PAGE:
Hold on a second … there’s a problem with the impressive claim made by Chevrolet last week of 230 miles per gallon for its electric Volt model (which is still under development). Actually, two problems.
The first is how to measure the miles per gallon of an electric car. As has been noted in a number of other blogs such as EcoGeek and Good Math, Bad Math, using mpg for electric cars is “far from ideal” (remember — the Volt still uses electricity from coal-fired power stations to recharge its battery).
There’s also the the troubling assumption that, for the first 40 miles after a charge, the Volt doesn’t use any gas — and so gets an infinite mpg! Kinda silly. A true estimate of mpg for the Volt is probably around 100 mpg (which is highly dependent on the length of your commute and whether you can be bothered to plug it in every night).
But even at 100 mpg, should we be SO impressed? And if not, why? That gets to my second problem — the measurement of car mileage itself. And this issue goes for all cars — normal, hybrid and electric.
Basically, the U.S. auto industry (and those who regulate it) are using a misleading measure of fuel efficiency. Instead of miles per gallon, we should be using the more logical gallons per (10,000) miles. (The rest of the world measures fuel efficiency this way, although generally in liters per x number of miles.)
Why? It’s really simple: For every apparent “doubling” in mpg, you are really only using half the amount of gas. Although this is still impressive, let’s not get sucked into believing the extravagant hype. I will use examples to illustrate the misleading part:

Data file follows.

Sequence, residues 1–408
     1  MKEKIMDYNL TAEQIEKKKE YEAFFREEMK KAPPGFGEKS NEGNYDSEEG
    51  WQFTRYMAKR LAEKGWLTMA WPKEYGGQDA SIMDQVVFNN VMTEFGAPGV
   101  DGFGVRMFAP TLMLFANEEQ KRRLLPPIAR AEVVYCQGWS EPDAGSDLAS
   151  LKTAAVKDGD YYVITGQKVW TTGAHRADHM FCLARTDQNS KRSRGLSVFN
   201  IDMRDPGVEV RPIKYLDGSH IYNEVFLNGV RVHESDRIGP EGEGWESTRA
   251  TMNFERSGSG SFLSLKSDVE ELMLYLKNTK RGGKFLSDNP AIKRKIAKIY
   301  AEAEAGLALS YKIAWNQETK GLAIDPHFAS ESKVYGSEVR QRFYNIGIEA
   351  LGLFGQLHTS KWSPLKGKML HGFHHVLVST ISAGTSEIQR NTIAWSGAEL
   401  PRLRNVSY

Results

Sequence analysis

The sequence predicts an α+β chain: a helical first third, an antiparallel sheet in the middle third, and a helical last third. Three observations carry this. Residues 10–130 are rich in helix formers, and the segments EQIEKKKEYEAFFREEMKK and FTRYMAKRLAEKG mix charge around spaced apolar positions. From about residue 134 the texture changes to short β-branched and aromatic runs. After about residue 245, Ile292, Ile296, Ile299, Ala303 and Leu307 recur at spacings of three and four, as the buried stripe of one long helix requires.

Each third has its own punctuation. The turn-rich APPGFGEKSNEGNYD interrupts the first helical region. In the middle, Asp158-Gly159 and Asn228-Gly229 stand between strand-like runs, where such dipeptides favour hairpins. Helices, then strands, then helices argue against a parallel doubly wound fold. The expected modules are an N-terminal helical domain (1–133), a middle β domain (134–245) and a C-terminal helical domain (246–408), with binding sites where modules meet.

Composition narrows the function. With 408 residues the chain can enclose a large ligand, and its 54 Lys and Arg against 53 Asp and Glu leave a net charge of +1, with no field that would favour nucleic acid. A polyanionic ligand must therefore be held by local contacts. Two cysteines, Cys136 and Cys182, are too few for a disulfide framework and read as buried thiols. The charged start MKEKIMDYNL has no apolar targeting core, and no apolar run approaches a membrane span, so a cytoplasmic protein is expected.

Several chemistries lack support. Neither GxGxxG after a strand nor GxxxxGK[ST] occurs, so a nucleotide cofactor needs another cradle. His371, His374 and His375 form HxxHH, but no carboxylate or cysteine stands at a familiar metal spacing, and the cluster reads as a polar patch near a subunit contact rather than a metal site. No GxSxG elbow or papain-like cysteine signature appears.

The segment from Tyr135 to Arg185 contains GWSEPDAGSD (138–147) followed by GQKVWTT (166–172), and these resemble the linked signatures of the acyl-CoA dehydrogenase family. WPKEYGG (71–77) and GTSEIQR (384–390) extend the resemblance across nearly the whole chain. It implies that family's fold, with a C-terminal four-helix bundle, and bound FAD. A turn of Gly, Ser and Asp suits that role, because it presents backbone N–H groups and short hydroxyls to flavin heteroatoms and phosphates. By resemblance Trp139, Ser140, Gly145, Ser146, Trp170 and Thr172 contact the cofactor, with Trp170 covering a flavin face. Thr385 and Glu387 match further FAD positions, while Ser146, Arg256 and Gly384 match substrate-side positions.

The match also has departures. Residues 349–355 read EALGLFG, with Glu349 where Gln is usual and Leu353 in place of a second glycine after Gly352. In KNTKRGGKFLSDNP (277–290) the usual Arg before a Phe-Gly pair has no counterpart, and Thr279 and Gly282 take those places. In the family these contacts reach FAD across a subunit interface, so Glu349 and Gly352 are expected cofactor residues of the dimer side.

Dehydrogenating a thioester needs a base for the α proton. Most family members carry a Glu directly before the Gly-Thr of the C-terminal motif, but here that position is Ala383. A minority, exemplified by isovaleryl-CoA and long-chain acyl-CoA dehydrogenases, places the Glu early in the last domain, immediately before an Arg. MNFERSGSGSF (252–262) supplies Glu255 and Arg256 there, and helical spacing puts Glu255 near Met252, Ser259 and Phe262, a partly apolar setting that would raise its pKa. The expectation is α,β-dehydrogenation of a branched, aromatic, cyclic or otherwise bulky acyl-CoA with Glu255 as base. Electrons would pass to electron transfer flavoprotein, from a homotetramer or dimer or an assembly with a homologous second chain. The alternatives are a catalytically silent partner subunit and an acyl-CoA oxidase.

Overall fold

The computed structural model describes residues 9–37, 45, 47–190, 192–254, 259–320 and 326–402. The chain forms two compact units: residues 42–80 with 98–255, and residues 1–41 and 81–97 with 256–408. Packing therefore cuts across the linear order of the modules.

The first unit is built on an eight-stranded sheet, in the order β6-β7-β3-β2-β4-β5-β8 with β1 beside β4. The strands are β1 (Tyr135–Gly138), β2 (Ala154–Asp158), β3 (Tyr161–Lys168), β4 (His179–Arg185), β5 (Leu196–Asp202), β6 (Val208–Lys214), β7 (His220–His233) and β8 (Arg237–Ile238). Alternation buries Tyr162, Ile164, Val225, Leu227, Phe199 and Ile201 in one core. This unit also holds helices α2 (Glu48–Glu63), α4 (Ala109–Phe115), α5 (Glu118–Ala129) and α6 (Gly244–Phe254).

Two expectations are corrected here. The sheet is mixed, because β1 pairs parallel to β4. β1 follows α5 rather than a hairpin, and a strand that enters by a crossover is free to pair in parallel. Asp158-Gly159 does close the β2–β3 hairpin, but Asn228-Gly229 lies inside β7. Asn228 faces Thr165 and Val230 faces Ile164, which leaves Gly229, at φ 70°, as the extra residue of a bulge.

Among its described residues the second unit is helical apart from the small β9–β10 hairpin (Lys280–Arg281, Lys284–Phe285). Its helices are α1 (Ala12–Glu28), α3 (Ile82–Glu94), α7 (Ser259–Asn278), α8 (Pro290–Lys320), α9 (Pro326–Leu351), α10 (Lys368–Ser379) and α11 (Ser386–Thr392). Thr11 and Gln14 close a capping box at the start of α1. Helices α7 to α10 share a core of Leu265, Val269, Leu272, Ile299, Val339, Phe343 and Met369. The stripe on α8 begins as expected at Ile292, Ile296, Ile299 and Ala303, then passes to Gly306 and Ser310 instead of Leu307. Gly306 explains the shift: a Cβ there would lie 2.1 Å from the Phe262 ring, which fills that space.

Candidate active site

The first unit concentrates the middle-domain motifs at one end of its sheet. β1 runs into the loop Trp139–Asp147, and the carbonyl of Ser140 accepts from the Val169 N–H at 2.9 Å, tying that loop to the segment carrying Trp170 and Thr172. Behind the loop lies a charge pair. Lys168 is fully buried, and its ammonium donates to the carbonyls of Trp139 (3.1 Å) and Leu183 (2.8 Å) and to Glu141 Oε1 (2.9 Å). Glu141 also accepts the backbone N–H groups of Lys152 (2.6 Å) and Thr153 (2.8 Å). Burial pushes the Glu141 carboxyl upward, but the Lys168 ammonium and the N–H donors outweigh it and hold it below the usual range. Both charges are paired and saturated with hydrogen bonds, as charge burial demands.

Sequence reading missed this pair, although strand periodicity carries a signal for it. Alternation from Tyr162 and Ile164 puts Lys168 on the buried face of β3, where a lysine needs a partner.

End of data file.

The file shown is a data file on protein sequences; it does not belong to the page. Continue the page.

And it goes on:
At 12.5 mpg (in your great-big-huge SUV) you will use 800 gallons to go 10,000 miles (and incur the wrath of tree-huggers);
At 25 mpg (a friendly sedan) you will use 400 gallons to go the same distance; and
At 50 mpg (a super-green eco-loving hybrid) you will use 200 gallons.
While 200+ mpg is impressive (50 gallons per 10,000 miles), the REAL SAVINGS (yes, more shouting) are at the lower end of mpg — in other words, getting the great-big-huge gas-guzzlers off the roads. This is because a vehicle that does 12.5 mpg versus 25 mpg saves 400 gallons of gas! While going from 25 to 50 mpg (“doubling”) only saves 200 gallons. To get even close to that original 400 gallons saving, we would have to go from 25 to 800 mpg!! (387.5 gallons of saving.) See?
So, with SUVs averaging 18 mpg (versus 24 mpg for regular cars), it’s much more important to get the 99 million SUVs and pick-ups off U.S. roads (or drastically increase their fuel efficiency) than it is to pour all this effort into producing super-high-fuel-efficient cars (that in reality barely sell in comparison to SUVs).
-- Text by Timothy Boucher, Cool Green Science Blog
For more: Read our transportation blogger Jim Motavalli's post, 'EV MPG showdown: Volt vs. Leaf vs. Mini E.'